Description: This course will explore the development of art from the Renaissance to the Second Industrial Revolution, in the social, political, technological and economic contexts. Major artistic traditions will be examined and students will develop an awareness of these traditions in the world around them.
|HIST74100||History of Advanced Structures
Description: This course provides an overview of the history of architecture and the built environment in the context of technical and cultural influences. It seeks to position major periods and technological discoveries in their time and place, and to develop a critical understanding the implications of these on our environments. Following a review of classical, gothic and renaissance periods, the course inspects the technological developments of the industrial revolution, the advent of the modern movement, and subsequent post-modern reactions. The course will introduce the student to the unique structures of large building types such as stadium, airport terminals, museums, performing arts centres, etc. The development and management of these building types will be studied and analyzed.
|PHIL71100||An Introduction to Philosophy
Description: The purpose of this course is to introduce some of the main problems of philosophy, including: Are ethical principles relative? Are all persons really at heart egoistic? Does God exist? What is good? What is evil? How can truth be established? Are there causal determinants of choice? What is real? Are ethical and artistic judgments subjective? What kind of society promotes the best life? What is the purpose and meaning of life? The answers to these questions are not obvious. Wars have been fought and continue to be fought over these questions. One might make the case for seeing the history of human cultures as an ongoing attempt to answer these questions. This course you will help students to inquire into complex problems and begin to formulate their own philosophy. Students will learn effective methods of inquiry, analysis, and criticism. The study of philosophy develops one's ability to think carefully and critically. The objective of this course is to enable students to be reflective about the beliefs that they or their society have developed. The ability to think reflectively does not develop independently from the ability to read critically and perceptively or the ability to express ourselves. Thus, in this course we will seek to advance our reading comprehension as well as our communication skills, both oral and written.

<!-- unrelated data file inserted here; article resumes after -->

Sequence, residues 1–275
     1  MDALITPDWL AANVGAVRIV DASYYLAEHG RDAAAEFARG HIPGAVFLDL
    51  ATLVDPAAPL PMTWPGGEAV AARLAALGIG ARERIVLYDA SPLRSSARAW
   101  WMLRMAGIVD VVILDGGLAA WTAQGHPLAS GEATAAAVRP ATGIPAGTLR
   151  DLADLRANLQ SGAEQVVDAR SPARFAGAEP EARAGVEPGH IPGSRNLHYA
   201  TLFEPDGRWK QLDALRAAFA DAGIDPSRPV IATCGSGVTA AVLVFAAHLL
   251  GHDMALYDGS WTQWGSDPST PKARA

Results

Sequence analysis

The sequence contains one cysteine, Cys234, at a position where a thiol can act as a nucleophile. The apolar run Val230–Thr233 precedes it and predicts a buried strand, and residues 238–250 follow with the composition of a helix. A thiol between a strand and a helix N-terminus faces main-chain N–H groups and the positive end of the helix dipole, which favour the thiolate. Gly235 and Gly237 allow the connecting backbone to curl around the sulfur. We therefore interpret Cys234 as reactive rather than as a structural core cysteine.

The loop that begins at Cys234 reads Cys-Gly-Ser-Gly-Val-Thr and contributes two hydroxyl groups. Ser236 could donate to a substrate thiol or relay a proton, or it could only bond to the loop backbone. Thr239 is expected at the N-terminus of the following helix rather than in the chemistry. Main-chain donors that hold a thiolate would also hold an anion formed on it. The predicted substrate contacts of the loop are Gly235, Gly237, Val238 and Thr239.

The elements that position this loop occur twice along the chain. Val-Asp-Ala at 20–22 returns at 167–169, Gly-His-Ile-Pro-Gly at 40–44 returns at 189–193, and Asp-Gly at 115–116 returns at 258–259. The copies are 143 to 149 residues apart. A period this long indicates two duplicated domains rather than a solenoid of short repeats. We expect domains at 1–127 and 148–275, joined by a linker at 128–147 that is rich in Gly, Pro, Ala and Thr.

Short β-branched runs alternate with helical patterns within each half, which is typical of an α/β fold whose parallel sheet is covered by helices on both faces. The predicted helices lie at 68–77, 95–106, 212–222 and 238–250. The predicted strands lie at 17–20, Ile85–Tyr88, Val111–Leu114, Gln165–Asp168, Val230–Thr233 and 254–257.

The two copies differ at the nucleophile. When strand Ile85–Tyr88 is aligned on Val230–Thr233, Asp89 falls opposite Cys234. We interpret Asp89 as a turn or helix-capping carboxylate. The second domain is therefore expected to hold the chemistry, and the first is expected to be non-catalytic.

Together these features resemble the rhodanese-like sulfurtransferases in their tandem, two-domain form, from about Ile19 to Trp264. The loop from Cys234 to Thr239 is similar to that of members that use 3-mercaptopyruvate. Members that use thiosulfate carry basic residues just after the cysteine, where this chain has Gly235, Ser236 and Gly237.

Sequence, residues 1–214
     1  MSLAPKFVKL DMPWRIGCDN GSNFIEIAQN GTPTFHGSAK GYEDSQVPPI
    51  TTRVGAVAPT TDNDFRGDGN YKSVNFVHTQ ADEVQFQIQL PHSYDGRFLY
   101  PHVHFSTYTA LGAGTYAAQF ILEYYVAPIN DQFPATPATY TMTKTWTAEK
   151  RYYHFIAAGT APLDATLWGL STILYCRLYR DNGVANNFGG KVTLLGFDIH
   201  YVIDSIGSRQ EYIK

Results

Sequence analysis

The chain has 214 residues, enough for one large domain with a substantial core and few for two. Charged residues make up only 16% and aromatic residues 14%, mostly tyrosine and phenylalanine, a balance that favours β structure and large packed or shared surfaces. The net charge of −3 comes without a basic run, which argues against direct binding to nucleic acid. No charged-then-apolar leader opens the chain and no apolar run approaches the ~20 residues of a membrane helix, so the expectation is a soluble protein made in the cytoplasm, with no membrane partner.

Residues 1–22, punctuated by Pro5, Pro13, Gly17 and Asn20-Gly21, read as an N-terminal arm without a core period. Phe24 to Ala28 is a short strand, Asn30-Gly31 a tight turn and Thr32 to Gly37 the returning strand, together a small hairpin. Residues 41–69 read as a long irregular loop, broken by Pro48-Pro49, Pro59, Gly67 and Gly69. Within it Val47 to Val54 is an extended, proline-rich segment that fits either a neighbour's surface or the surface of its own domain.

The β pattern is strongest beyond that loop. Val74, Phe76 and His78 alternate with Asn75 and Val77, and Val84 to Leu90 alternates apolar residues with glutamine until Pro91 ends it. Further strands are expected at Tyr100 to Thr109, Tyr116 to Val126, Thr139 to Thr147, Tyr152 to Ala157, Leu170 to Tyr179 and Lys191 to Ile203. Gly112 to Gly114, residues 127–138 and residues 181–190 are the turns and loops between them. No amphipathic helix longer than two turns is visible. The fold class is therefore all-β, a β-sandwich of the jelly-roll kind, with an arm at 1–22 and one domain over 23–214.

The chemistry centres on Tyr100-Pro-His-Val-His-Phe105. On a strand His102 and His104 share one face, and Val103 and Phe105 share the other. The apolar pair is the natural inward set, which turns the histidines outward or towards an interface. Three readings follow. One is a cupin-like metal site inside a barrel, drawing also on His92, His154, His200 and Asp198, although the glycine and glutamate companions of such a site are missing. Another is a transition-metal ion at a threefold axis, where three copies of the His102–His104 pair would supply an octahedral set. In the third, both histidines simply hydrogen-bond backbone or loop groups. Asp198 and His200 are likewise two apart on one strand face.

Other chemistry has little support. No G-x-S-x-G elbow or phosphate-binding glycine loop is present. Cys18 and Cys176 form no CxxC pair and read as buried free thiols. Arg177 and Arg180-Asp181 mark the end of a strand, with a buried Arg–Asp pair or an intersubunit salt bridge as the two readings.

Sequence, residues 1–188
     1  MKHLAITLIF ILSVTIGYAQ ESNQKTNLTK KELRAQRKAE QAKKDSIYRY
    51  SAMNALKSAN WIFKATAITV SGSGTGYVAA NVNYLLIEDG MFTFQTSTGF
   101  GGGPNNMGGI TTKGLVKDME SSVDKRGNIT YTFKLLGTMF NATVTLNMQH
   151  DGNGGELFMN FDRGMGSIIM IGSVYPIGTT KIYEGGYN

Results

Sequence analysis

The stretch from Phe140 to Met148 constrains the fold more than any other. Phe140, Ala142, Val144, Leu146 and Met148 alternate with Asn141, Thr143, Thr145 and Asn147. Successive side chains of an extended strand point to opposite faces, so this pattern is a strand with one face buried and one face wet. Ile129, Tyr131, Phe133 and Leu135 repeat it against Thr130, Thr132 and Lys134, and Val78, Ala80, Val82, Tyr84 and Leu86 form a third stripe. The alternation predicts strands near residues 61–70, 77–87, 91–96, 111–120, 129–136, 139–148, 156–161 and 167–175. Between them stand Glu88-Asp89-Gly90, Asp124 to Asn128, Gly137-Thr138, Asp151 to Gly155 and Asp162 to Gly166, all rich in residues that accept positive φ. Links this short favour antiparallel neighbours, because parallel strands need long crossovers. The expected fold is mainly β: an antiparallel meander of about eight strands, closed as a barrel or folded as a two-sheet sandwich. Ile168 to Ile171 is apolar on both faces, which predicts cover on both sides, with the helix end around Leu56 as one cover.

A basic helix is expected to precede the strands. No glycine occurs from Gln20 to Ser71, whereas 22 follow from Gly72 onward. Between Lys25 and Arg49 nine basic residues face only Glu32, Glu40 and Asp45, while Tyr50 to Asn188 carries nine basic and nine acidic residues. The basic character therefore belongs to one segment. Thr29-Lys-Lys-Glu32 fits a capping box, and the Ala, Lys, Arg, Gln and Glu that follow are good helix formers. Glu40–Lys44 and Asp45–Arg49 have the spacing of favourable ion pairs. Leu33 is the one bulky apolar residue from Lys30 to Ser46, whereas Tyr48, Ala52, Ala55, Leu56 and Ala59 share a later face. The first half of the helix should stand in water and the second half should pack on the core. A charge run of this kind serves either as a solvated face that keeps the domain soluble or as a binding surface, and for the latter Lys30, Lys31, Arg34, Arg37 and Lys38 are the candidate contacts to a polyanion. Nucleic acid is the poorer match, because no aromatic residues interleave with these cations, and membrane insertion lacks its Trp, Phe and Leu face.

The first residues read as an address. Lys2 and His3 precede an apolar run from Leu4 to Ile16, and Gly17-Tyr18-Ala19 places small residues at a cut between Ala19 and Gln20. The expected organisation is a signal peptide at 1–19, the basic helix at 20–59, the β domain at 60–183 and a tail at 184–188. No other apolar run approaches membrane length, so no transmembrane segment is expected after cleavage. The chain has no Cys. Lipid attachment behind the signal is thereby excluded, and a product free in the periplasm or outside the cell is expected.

|PHIL72130||Quest For Meaning
Description: This course provides an opportunity for students to increase their awareness of themselves, others, and their world with a view to under standing the human need for a meaningful existence and the human search for a meaningful life. Using insights from the fields of psychology, philosophy, literature and other subjects, this interdisciplinary course is designed to assist students to better understand the ways in which they are seeking meaning for themselves and to expose students to new possibilities for personal significance.
|PHIL72700||Critical and Creative Thinking Skills
Description: This course examines the essential elements of both critical and creative thinking, with their application to the solution of problems. It describes the nature of evidence, sound arguments and valid conclusions, faulty reasoning, convergent and divergent thinking, and the creative process. Critical and creative thinking are then applied to problem solving, and both the discussion of ideas and the presentation of information to an audience.
|PHIL72900||Principles of Ethical Reasoning
Description: This course is intended to acquaint students with the intellectual tradition of moral philosophy and help them develop practical analytic and critical skills through reading, writing, and discussion. This course focuses on ethical issues faced by individuals in Canadian society. It helps students to clarify their values and establish a framework for ethical decision making. Students will explore a variety of moral issues such as euthanasia, abortion, minority rights, racism, bio-medical technology, capital punishment, pornography, discrimination, poverty, environment and war. These questions do not admit of easy answers, because there are often plausible-sounding moral reasons to be given on each side of the matter. In part because of this, there is a tendency to want to set them aside as unanswerable, as just a matter of opinion. Yet they cannot be ignored. Rather, these questions require that we think hard about them and address them carefully, and that we explore various underlying presuppositions that we often accept uncritically. As a result, this is a course in which we will focus on and practice the skill of critical thinking, and learn to express carefully, verbally and in writing, our reasoning for a given position.
|POLS72100||Political Structures and Issues
Description: This course is designed to introduce students to the Study of Politics within the Canadian context. Students will examine and discuss the most important political institutions in Canada in order to better understand the issues that have both united and divided the country.
|ACCT74100||Financial and Managerial Accounting